“They will respond rapidly, and get back to regular production,” he said. “It minimizes any the potential losses that our operations can have.”

Cattle are a prey species and will hide illness and lameness. They can hide in a herd and not show all their symptoms. Many producers are guilty of putting cattle in the pasture during the middle of the day when they’re laying down, and focused on head count and not checking to see if any animal is outwardly sick.

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“But often when we go out and do this, you don’t necessarily get all of the animals up within that pasture and watch them move,” Tarpoff said. “And those animals that are lame, obviously they’re going to be laying down the vast majority of the time and they can hide, either within the group or hide their lameness just by not getting up.”

Producers tend to think there isn’t a problem because they’re not seeing anything outwardly wrong with the animals.

“It’s always something to think about,” he said. “Early treatment yields success, but we also have to find them. So it’s also a key point to make sure that we see these animals in motion as often as we can.”

Simple tool

What tools are available to producers to diagnose lameness?

“Not surprisingly the biggest tool that we have at our disposal was visualization,” he said. “Looking at the feet. Looking at the joints, looking at the legs. Something is abnormal. We see some lameness. So the visualization is really critical.”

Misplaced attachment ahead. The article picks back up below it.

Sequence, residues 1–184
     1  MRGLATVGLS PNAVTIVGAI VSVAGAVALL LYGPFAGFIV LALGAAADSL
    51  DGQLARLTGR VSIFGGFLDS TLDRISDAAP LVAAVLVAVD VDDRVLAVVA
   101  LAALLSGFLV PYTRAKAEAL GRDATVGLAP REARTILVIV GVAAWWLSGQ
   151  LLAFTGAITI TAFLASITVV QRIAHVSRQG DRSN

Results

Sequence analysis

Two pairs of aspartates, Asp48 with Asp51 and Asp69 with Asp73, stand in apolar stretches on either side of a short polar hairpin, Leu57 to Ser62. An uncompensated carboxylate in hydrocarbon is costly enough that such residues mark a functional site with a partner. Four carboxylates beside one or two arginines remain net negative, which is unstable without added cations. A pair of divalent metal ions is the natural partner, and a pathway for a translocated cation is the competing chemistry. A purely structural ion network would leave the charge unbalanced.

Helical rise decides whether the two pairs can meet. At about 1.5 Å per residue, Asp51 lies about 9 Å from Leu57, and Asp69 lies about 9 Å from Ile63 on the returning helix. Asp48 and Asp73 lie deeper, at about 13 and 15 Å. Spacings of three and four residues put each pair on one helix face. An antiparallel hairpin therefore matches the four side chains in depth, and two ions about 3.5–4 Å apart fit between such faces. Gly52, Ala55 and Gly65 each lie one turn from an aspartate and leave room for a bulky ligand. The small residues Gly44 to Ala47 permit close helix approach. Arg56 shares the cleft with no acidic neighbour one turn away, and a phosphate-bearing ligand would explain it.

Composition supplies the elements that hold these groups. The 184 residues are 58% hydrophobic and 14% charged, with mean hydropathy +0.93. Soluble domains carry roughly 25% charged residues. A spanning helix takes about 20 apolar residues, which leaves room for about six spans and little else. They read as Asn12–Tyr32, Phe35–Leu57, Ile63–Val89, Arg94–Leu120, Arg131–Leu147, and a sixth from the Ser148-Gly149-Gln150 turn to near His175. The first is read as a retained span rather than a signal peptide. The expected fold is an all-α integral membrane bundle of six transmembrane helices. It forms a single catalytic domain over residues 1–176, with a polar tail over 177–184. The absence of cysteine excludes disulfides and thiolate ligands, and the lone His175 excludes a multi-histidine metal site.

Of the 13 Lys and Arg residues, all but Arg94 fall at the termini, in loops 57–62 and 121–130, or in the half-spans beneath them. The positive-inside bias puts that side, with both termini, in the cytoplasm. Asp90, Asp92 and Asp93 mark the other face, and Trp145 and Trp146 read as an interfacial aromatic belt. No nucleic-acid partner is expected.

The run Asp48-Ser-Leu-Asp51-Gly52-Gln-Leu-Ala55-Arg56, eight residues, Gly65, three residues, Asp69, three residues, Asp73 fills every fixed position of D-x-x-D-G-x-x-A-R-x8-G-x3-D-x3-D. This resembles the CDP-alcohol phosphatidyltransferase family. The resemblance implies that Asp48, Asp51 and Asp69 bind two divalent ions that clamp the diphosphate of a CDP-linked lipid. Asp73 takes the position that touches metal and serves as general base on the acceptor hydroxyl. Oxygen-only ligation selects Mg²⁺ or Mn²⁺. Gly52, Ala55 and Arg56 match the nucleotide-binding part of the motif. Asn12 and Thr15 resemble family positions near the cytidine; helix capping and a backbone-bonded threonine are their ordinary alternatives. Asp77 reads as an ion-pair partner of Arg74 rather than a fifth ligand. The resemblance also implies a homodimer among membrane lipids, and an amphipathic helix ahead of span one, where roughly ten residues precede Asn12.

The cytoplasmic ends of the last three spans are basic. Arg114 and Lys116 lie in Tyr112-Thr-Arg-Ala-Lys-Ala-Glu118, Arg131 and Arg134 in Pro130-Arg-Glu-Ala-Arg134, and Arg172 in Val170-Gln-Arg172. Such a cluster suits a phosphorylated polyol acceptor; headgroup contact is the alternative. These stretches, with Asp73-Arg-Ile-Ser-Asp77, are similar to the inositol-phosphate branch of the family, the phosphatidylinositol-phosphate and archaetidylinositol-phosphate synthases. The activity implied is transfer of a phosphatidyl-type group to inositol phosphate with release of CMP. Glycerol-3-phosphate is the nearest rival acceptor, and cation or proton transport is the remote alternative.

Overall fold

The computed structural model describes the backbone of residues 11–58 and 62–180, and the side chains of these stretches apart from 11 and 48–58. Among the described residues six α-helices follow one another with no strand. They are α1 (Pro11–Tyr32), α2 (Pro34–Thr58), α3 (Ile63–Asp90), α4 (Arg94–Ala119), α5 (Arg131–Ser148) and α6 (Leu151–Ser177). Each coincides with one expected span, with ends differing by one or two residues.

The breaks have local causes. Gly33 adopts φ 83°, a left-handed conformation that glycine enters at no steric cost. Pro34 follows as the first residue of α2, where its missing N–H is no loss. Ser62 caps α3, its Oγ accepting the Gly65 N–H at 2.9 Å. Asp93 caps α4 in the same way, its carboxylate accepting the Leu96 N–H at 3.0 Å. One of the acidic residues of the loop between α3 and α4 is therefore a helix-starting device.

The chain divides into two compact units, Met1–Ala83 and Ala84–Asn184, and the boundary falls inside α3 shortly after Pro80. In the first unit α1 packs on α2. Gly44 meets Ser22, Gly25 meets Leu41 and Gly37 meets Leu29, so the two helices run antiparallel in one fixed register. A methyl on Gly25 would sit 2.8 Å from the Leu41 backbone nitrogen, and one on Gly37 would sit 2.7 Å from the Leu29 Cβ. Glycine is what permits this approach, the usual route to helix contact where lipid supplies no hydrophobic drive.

Most of the lameness concerns in cattle stems from the foot as it’s what comes in contact with the ground.

In order to understand lameness, producers need to understand of how cattle move. The back feet are where the locomotion of the animal comes from, while the front feet are for holding weight and changing direction.

“Every time they turn, it does put pressure and causes friction on those back feet,” Tarpoff said. “Because that’s the driving force we have on those back legs. And because of that, in the way they turn outside toe on the back feet, often yields the most lameness issues.”

Proper diagnosis

Whether it’s foot rot, superficial infections, deep infections or things that are more worrisome, Tarpoff said, one of the key aspects to consider is how to troubleshoot the lameness.

“We have three questions to ask about lameness is there swelling? Where’s the swelling?” he said. “Is the swelling symmetrical? Is it equal on both sides of the leg or the foot or the joint or is it only located in one location.”

Be aware and looking ahead into summer, Tarpoff is expecting to see a few lameness issues come up, especially if there is moisture in the ground.

“So it’s a good idea to keep these in the back of your mind,” he said. “Take a closer look and if it’s a little more sinister than regular foot rot, make that call to your veterinarian sooner as opposed to later to make sure we can get some adequate therapy to really get down to the true cause to hopefully get them all back.”

Kylene Scott can be reached at 620-227-1804 or [email protected].